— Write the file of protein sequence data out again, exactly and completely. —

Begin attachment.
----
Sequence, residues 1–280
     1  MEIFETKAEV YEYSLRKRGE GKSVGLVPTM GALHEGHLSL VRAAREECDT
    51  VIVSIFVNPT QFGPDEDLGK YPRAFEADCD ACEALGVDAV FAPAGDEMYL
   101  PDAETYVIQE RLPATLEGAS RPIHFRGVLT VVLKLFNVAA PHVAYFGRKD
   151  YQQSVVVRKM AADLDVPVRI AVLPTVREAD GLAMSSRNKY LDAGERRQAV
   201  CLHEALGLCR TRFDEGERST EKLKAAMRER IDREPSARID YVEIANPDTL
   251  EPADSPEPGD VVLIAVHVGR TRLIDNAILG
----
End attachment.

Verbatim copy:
Sequence, residues 1–280
     1  MEIFETKAEV YEYSLRKRGE GKSVGLVPTM GALHEGHLSL VRAAREECDT
    51  VIVSIFVNPT QFGPDEDLGK YPRAFEADCD ACEALGVDAV FAPAGDEMYL
   101  PDAETYVIQE RLPATLEGAS RPIHFRGVLT VVLKLFNVAA PHVAYFGRKD
   151  YQQSVVVRKM AADLDVPVRI AVLPTVREAD GLAMSSRNKY LDAGERRQAV
   201  CLHEALGLCR TRFDEGERST EKLKAAMRER IDREPSARID YVEIANPDTL
   251  EPADSPEPGD VVLIAVHVGR TRLIDNAILG